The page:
Sun Dec 8th through Sat the 14th, 2019 at Vancouver Convention Center
This work seems interesting, but I found the paper very confusing. Here are some comments and questions: - The Introduction (and Figure 1 in particular) makes one think the paper addresses the join problem of predicting the location (bounding box) of the object of interest and recognizing the object. However, the results (as far as I understood) only test the mAP, meaning the accuracy on predicting the bounding box of the object of interest. Is the class prediction also tested quantitatively? - The model seems interesting, but I still didn't understand completely the purpose of the Temporal Gear Branch. While the Spatial Gear Branch acts as an object detector, what is the expected contribution of the Temporal Gear Branch? The text seems to suggest that it acts as an attention module, but I don't see exactly how (particularly when the Self-Validation Module is removed -in the ablation studies-). - In the qualitative results (Figure 3), it would be useful to see also how the baselines perform, for comparison. I assume authors made some visualizations, maybe they can discuss about their observations.
== Originality == The main contribution of the paper is a novel idea (to my knowledge). Speficially, the self-validation module proposed to combine and update location and class labels is very interesting, and is more original than the typical combination of different task-specific architectures to get a new result. I am not an expert on the field, but the related work seems adequate. == Quality == The model proposed in the paper seems to be technically sound, and each part has a role which is well-justified and properly explained. The choices for the "backbones" of the different architecture parts (e.g., SSD300 for the spatial object detector part) all make sense, and the loss functions are all well justified. Something was not clear: does the validation module have any trainable parameters? The experiments mostly show the approach achieves a significant improvement over several baseline algorithms of varying complexity. It is interesting to note that the SSD model baseline performs comparably to Mr Net, even though it is a much simpler model, and the paper should have discussed this point in more depth. Table 2 also has some interesting results. Specifically, the model that only uses RGB streams shows performance which is quite comparable to the full model, and is even superior for AP0.5. Though this is discussed in lins 265-272, the question of whether the optical flow input is providing any value is not really addressed. The online detection and EK dataset results are both very interesting and impressive, and provide good evidence to support the claims of the paper. Finally, I would be interested in seeing more qualitative results. Specifically, a discussion (including perhaps some images) about what types of mistakes this model typically makes when predicting, especially when compared to the baseline approaches, would be very useful. == Clarity == For the most part, the paper is well-written and easy to follow. A few relatively minor points: * please fix grammatical errors (e.g., plural vs. singular nouns) * the paper does not mention how many parameters the model has to learn * as asked above, it is not obvious whether the self-validation module has any parameters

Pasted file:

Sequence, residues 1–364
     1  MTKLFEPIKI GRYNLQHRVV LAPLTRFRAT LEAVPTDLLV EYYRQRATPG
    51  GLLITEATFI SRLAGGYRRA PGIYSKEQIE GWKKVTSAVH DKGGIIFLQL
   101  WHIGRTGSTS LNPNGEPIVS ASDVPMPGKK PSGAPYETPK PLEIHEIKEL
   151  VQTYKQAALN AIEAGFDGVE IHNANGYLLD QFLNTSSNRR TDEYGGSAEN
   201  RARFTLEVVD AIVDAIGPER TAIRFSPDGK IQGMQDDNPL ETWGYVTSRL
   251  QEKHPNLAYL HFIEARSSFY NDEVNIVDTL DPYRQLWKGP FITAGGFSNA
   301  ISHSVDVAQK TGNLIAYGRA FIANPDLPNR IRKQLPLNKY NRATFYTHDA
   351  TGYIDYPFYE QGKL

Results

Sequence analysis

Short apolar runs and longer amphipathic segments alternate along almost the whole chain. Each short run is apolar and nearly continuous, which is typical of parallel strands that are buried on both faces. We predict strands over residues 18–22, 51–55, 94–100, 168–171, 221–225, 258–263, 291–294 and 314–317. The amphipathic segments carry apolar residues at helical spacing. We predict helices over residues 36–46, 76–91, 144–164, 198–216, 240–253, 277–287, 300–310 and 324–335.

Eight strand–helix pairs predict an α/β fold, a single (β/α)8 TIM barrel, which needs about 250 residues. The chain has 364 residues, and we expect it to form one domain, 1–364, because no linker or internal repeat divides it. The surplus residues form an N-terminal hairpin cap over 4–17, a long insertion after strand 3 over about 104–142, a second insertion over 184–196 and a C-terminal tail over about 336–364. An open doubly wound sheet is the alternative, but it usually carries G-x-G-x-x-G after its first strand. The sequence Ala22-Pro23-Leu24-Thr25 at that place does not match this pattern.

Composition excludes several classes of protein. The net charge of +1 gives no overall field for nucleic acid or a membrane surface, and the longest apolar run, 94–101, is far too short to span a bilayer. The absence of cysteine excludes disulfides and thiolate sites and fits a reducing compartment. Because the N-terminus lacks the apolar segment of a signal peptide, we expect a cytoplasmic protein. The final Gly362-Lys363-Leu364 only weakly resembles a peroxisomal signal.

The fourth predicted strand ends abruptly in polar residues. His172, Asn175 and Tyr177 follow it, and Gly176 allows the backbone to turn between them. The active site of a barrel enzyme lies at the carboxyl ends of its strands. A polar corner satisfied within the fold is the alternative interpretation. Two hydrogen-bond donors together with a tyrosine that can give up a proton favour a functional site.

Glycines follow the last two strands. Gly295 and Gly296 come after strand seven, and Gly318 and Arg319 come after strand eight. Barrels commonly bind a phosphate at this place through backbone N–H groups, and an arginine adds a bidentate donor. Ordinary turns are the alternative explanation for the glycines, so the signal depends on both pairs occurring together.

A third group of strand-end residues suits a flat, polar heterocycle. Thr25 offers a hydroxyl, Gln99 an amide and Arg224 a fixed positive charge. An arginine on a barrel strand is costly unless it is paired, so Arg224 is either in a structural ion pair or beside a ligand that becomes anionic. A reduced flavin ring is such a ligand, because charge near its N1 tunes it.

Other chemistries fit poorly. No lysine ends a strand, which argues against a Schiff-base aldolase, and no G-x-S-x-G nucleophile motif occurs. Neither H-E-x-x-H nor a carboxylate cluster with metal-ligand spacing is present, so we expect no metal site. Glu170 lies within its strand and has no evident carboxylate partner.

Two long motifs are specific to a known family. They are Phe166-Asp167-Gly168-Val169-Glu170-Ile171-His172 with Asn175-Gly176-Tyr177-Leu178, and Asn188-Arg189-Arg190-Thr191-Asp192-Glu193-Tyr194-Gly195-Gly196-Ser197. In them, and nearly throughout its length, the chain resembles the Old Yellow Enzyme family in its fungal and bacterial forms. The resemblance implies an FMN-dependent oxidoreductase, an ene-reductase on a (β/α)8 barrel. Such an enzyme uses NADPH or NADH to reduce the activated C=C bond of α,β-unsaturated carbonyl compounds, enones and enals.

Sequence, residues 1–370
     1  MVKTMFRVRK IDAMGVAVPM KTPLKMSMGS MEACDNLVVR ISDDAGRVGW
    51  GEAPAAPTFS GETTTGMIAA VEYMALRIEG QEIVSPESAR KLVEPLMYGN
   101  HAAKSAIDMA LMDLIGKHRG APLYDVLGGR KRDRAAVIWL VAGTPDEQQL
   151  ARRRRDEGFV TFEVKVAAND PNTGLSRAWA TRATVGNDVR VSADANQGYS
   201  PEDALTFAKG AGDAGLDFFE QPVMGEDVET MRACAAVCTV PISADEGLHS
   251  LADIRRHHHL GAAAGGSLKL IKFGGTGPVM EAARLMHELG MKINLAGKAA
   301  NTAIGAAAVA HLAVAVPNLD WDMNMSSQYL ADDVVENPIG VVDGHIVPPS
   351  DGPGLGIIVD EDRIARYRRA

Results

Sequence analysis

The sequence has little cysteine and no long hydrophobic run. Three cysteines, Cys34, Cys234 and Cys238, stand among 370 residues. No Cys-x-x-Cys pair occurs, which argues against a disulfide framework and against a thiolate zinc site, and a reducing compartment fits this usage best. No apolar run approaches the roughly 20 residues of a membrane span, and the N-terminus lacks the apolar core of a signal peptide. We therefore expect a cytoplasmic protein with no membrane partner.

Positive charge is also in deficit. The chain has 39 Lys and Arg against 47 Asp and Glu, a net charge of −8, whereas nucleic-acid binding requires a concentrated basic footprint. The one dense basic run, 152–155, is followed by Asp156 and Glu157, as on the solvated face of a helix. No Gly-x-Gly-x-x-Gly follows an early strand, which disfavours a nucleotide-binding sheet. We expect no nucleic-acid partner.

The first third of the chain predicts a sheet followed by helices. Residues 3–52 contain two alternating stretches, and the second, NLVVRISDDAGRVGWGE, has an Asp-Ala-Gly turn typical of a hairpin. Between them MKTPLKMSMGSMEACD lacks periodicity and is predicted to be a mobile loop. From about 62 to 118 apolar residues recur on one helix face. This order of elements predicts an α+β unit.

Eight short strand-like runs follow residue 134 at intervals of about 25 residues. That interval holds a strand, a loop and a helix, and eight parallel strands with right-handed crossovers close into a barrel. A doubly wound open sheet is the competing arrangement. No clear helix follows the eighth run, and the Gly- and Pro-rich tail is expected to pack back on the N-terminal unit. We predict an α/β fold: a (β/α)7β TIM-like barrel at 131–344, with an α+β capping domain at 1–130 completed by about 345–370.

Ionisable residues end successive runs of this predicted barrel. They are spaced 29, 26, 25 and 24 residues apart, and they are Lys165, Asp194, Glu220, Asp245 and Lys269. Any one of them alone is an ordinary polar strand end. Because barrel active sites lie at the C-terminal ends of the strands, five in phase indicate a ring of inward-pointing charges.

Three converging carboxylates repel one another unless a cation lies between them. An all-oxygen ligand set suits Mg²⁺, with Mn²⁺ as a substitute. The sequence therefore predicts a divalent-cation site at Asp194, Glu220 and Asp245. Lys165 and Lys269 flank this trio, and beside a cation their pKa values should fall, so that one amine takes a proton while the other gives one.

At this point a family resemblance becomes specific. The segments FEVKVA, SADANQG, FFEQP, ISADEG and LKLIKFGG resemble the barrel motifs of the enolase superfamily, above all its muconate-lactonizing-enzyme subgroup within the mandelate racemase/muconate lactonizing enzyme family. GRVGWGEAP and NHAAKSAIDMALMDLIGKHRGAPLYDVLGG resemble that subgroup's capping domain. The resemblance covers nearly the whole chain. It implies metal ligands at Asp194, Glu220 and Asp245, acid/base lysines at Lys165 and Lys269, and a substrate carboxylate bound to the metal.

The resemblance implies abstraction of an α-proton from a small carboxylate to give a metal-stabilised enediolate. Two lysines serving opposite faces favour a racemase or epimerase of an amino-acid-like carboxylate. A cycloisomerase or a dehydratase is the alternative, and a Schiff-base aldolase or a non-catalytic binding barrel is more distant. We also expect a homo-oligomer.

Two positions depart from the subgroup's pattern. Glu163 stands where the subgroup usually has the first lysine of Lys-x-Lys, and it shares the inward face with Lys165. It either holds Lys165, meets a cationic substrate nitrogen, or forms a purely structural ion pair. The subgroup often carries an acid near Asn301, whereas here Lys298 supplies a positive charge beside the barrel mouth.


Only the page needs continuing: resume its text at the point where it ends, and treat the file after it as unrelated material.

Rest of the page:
- The paper is well written and the model details are clear for the reader. - The model is evaluated in two well-known datasets and compare to a handful of relevant baselines. - Results suggest the model improves over previous state of the art. The models seems to advance the state-of-the-art. - I believe it would be interesting for the reader to better understand the effect of the time window on the final computation. - I believe the reader would benefit from more failures examples in the paper. The examples shown are all success examples.